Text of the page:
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Proper planting starts your trees and shrubs off right

ALAMOGORDO, N.M.--A member of the 49th Maintenance Group plants a shrub May 6 at Tierra De Suenos Park in Alamogordo, N.M. Planted were 34 Chitalpa trees, 17 Afghan pine trees, 42 Lombardy polar trees and about 150 Oleander shrubs. (U.S. Air Force photo/Airman 1st Class Jamal D. Sutter)

Proper planting techniques can mean the difference between a healthy, vigorous tree or shrub and one that performs poorly or dies. (U.S. Air Force photo/Airman 1st Class Jamal D. Sutter)

VANCE AIR FORCE BASE, Okla. -- Proper planting techniques can mean the difference between a healthy, vigorous tree or shrub and one that performs poorly or dies. 

By observing the following recommendations, you will be giving your plants the best possible start in life. 

Plant the tree or shrub at the same depth of its root ball. The hole should be 8 to 12 inches wider than the root ball. Roughen the sides of the hole to make it easier for the roots to penetrate. 

Check for twisted, circling or kinked roots. Cut and remove roots that wrap around or are broken or discolored. 

Never pull a plant from the container by the stem. If a plant is difficult to remove cut the container on two sides and carefully remove the plant without damaging the root ball. The root ball will stay intact better if the root ball is wetted before removal. 

Replace the dirt dug up to create the hole. Research has shown that the plants will get off to a better start if they are allowed to grow in native soil with no amendments. Make sure the plant is at the same level of the surrounding soil or a little higher. 

No fertilizer should be added at the time of planting. Newly developing roots can be burned. Instead add a root growth stimulator. 

Water the plant thoroughly after planting to settle the soil around the roots. Add additional soil if required and mulch the newly planted plant with a shredded bark mulch or compost to a depth of 2 inches.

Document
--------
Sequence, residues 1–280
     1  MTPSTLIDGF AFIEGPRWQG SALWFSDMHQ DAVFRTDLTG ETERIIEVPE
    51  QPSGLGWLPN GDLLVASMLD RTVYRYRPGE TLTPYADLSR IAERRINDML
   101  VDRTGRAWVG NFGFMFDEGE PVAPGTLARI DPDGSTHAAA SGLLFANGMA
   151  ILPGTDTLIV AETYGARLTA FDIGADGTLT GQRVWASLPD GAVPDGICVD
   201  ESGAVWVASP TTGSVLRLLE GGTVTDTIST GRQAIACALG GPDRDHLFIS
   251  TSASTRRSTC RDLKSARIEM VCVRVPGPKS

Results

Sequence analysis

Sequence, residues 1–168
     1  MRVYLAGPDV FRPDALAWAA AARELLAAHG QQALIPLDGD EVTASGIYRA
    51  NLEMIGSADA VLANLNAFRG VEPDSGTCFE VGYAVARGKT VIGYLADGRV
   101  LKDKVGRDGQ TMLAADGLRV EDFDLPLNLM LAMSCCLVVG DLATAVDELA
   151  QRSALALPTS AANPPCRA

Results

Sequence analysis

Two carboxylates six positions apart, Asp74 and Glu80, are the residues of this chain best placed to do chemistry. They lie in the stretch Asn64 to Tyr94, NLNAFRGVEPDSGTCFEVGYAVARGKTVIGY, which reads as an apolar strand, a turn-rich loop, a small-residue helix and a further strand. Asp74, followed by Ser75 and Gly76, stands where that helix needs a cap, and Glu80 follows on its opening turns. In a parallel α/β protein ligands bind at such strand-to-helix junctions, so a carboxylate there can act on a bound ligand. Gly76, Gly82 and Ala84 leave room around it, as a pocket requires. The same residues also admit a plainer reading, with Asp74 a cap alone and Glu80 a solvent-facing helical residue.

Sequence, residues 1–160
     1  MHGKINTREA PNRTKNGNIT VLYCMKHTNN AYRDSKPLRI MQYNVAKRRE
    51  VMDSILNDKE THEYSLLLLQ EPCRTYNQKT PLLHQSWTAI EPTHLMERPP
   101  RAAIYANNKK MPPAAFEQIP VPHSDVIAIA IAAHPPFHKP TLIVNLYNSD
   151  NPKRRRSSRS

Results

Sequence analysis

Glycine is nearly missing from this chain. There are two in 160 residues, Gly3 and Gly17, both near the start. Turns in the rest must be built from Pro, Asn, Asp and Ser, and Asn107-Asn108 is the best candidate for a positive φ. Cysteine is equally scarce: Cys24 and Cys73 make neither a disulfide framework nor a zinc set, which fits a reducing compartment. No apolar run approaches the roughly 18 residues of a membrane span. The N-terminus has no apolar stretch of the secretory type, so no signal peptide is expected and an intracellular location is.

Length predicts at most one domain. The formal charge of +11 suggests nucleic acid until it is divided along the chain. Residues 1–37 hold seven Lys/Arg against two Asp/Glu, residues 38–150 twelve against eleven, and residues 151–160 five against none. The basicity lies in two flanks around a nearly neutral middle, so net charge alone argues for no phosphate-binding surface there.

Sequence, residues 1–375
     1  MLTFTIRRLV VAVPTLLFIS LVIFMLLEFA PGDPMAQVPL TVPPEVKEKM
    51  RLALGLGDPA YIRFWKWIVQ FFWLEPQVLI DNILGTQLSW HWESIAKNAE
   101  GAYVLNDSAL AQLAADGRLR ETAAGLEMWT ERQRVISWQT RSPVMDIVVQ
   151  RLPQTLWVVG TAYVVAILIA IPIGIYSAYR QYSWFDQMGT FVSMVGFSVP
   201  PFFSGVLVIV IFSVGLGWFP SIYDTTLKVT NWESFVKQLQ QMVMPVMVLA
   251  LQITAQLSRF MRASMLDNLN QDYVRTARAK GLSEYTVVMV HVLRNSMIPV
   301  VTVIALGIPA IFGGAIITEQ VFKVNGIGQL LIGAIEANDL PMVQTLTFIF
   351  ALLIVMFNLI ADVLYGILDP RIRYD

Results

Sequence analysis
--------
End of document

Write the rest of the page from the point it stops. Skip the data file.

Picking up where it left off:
Do not practice the old philosophy if a little is good then more will be better. You will slowly kill your plant. 

A rule of thumb is to support all trees that are more than 8 feet in height. This is best done by using two parallel stakes driven at least 18 inches into firm soil on opposite sides of the tree about a foot from the edge of the planting hole. 

Attach wires to both stakes and loop them loosely around the trunk to support the tree. The part of the wire in contact with the trunk should be covered with rubber hose to prevent injury to the bark as the tree moves with the wind. 

The wires should be tightened until they are firm but loose enough to allow slight movement of the tree. Inspect the lines occasionally as long as the tree is staked. From time to time they may need to be tightened or loosened to allow for movement and ensure the trunk is not being cut. 

At the end of one year the tree should be checked and the stakes removed if the tree is firmly established. 

Newly planted trees and shrubs require regular watering. Construct a shallow basin around the plant, slightly larger than the root ball. Since soils and environmental conditions vary, periodically check the soil to see that it is not too wet or dry and that you are watering deeply enough. 

Be sure to water the entire root area and slightly beyond. Roots won't grow in dry soil. However, don't over water. Roots can rot in soil that is too wet. 

To conserve water and suppress weed growth, apply a 2-inch layer of shredded bark mulch from the trunk out 3 feet. Trees require more water than normal lawns. If you water for your trees you'll have more than adequate water for your lawn.